Ok, so I’m continuing my reflections here…
Chapter one is somewhat of an analysis of the current urban/suburban setting with 3 possible scenarios considered:
Community Lost – the basic idea is that the impact of urban environment on relationships is negative (when compared to rural community life). The causes are a more segmented life with fewer opportunities for connections,a more densely populated area causing people to withdraw into themselves to survive, the diversity of the setting heightens suspicion of people ‘not like me’, and finally the commericalised nature of the city means that most relationships are transactional. As Simon states, this is a pretty negative take on urban relationships and is probably an idealising of rural environments!
Simon quotes Claude Fischer who says that the two norms govering neighbourhood relationships are “the neighbour should be ready to help in a time of genuine emergency and secondly at all other times the neighbour should keep his or her distance”, the same kind of relationship you have with a person on a train.
Its a pretty low bar for relationships when it comes to neighbours and while I think there is some truth in Fischer’s statement, I also tend to think most people want more from a community than that. Some stumble clumsily towards it while others prefer to avoid the ‘danger’ of broken relationships by not even going there at all.
As I have observed some of our own local relationships I have seen neighbours deeply embedded in each others lives – to a point that I could not deal with, but I have also seen neighbours fight and simply stop speaking to each other. Conflict resolution around here is not brilliant – easier to just ‘move on’.
I must admit I am wary of having my neighbours so much a part of my life that they feel free to drop in at any time and stay for as long as they like. There is a part of me that warms to the thought of such connected lives, but then a part of me that also values the privacy of my home and the ability to confidently retreat.
Having seen the way some neighbours can come and never leave I have probably swayed to a safer position. In some ways this is out of kilter with what I hope to see develop and yet if I am to survive in this setting for the long term then it is just common sense.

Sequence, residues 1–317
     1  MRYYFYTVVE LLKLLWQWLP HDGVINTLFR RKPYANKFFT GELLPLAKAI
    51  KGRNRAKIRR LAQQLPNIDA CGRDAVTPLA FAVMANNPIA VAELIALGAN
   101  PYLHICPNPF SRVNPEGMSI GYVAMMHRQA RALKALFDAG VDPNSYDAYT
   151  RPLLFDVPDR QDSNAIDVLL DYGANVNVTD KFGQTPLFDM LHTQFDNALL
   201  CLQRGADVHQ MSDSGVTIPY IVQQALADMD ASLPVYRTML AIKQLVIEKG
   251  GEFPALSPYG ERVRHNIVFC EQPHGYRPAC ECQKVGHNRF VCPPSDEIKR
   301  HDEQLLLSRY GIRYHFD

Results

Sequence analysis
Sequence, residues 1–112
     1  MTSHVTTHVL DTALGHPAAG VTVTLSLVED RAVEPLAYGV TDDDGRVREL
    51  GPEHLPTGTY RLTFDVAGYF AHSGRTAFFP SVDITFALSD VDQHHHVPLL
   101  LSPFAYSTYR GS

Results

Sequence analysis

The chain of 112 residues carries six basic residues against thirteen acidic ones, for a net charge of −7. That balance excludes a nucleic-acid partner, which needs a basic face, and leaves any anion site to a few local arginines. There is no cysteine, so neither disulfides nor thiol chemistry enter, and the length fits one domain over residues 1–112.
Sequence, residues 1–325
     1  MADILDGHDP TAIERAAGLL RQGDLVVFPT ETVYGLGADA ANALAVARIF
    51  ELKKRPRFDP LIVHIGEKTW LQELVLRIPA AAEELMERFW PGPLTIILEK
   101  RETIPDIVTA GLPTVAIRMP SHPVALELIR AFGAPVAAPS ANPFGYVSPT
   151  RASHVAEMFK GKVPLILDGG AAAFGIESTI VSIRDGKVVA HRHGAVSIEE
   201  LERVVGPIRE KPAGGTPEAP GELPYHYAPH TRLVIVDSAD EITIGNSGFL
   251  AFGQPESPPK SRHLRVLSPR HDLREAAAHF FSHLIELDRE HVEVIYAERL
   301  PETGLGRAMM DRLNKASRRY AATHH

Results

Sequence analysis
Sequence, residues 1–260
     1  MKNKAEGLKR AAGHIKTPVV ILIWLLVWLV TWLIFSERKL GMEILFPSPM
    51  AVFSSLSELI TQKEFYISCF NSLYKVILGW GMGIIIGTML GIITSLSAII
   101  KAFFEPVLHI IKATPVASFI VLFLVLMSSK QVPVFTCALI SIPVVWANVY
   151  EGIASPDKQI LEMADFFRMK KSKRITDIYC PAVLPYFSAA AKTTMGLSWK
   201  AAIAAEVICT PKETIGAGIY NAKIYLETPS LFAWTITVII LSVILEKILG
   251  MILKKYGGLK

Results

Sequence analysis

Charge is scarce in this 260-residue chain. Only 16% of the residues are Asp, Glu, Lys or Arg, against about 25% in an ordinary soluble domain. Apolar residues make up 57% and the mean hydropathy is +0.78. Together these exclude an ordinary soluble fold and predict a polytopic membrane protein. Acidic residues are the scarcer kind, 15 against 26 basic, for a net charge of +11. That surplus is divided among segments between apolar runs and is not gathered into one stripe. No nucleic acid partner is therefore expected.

Community Found – Simon writes of the way different groups ‘find’ each other in the bigger city – often ethnic or common interest groups and there is a genuine experience of community that goes on here.
I live in a suburb that is marketed as ‘what a community should be’ but ultimately that comes down to us to make the slogan a reality. The ‘commonality’ for our family around here is pretty much stage of life and not much else. I imagine the POMs and South Africans may connect because of common heritage, but for the Aussies its less of a draw.
These groups have been seen as a ‘survival mechanism’ for people living in the suburbs – again pretty bleak in its outlook and probably not true of my own experience. Many people survive just fine with minimal local connectivity, but they do find community in other places.
Community Liberated – This is the community that is not bound by place but is operative in various networks around the whole city. Community liberated does not mourn the loss of ‘place’ as the component of community but chooses to celebrate community in other forms.
Simon goes on to say “The neighbourhood’s role in daily life has changed. If ever it was a place of primary community, its not now… Neighbourhood communities are now optional”
For those of us who draw our missional energy from the motif of incarnation and the embodiment/expression of the gospel locally this does present challenges – because it is true.
There’s no question community is much more diverse than the local area. There’s no question that even for myself some of my best connections are well beyond my backyard, yet at the same time I feel a compelling desire to try and re-invigorate the richness of local relationships. At times this has been very frustrating because others do not share this dream or if they do, the time available for creating community is limited because of work/commuting requirements. And then there are my own limitations – wanting to get involved, but at a level that suits me.
This post was interrupted as I opened the door for the local area co-ordinator for disability services who was dropping by to pick up a young boy who was playing with Sam this morning. She tells me Brighton is an exceptional community for connectedness and people helping each other out. I find myself intrigued by her observations and wondering what other communities must be like…
So I guess the question that percolates for me from these thoughts is, to what extent ought we try to create community locally and to what extent should we just take it as it comes?
Should ‘local churches’ be focused on their own area or should we be about empowering people to be salt and light in their workplaces and other ‘liberated’ communities?
Its a tough tension because many ‘local churches’ are full of busy people, doing good things with their lives outside of the suburb the church is in. Does this matter?other boleyn girl the divx download